Pictures posted on MySpace were a deciding factor in the sentencing of 22-year-old Jessica Binkerd, who could serve more than five years in state prison for killing a UCSB student while driving drunk last August.
Despite a recommendation from the Santa Barbara County Probation Dept. to sentence Binkerd to 270 days in jail and 5 years probation, Superior Court Judge Joseph Lodge announced last Friday that Binkerd will serve up to five years and four months
Binkerd plead guilty to charges of drunken driving and vehicular manslaughter. Her passenger and coworker was Alex Baer, a 25-year-old psychology major at UCSB.
When deciding on the severity of the defendant’s sentence, Deputy District Attorney Kimberly Smith said Judge Lodge took into consideration Binkerd’s actions and conduct surrounding the time period of the accident. To show such behavior, Smith presented pictures of Binkerd, posted on MySpace, of her drinking with friends in the months following the car crash.
Defense Attorney Steve Balash said the pictures included one of her at a Halloween party wearing an “I heart Patr–n” costume and another of her drinking downtown at the Wildcat Lounge with friends.
“That set him off like no tomorrow,” Balash said. “The judge thought it was inappropriate and he didn’t really focus on anything else.”
Balash said he was surprised at the severity of the sentence since the probation department recommended that Binkerd serve less than a year in prison, and because Baer’s parents expressed forgiveness during the court proceedings.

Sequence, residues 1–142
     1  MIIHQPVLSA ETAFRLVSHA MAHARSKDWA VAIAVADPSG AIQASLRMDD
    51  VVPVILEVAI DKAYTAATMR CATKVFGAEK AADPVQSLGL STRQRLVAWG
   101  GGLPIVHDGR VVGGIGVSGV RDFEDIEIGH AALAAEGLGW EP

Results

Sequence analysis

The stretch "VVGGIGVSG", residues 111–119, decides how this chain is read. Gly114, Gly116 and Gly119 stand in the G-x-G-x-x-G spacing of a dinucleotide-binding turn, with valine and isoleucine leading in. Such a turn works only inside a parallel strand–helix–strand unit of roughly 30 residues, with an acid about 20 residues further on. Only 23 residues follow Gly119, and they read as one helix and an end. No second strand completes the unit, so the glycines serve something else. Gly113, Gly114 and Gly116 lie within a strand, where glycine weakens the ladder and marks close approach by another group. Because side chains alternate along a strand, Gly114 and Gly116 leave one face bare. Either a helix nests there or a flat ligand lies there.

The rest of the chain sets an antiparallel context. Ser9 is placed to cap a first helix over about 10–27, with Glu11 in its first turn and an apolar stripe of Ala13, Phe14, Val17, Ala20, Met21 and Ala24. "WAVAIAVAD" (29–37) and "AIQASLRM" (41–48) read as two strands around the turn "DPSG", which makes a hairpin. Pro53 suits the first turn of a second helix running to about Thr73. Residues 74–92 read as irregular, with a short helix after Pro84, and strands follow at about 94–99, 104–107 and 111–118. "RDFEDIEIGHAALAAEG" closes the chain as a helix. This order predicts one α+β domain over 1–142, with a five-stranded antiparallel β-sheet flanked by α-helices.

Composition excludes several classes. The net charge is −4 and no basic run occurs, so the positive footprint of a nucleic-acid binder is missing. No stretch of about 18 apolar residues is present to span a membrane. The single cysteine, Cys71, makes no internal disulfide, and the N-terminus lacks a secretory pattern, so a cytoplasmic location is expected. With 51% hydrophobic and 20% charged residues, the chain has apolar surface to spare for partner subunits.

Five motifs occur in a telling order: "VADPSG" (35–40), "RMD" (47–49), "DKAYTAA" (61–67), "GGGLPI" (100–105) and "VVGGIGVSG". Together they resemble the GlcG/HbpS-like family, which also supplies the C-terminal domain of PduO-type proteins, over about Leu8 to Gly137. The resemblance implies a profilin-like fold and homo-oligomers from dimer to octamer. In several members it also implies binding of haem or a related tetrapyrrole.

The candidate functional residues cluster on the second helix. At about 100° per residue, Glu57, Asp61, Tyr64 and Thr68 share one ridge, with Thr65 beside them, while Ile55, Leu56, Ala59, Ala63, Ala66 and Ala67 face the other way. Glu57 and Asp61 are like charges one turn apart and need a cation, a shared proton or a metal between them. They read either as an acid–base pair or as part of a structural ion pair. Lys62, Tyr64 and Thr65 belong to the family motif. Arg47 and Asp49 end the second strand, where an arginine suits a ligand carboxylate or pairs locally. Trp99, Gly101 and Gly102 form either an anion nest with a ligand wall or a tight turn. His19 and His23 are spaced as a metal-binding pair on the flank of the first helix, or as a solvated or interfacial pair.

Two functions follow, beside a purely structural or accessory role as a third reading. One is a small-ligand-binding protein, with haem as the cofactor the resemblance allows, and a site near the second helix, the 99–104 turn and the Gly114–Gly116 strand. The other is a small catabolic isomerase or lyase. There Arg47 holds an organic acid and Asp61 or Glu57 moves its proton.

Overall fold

“I think Judge Lodge wanted to make an example and send a message to the community,” Balash said. “Other cases similar to this have received probation. But Jessica is going to state prison even though the parents of Alex asked for leniency.”
While Baer’s parents testified in the trial and expressed an “impressive” amount of forgiveness, Smith said such actions do not erase the consequences of Binkerd’s offense.
“Clearly forgiveness is part of healing,” Smith said. “But that does not minimize, justify or relinquish Jessica Binkerd’s responsibility of what happened in this case.”
Judge Lodge was concerned about the magnitude and gravity of the crime, Smith said, and he wanted it noted that such actions would not be tolerated.
“The defendant is taken off the street and incarcerated, which will protect society because she will not be able to participate in that type of behavior again,” Smith said. “I think the message is clear: If you drink and you drive, the punishment is severe and there will be consequences.”
In regards to using online profiles as evidence, Balash said people should be careful about the information they post, because it could potentially be legally damaging.
“Kids ought to think about privacy on the MySpace and things like that,” Balash said. “It looks great and funny until you get charged with something.”
Balash said he thinks there are legal issues with the outcome of the hearing and plans to file a motion to have the sentence recalled as soon as he has the time.
“I represent a lot of bad people and Jessica is a good kid,” he said. “We will be back in court.”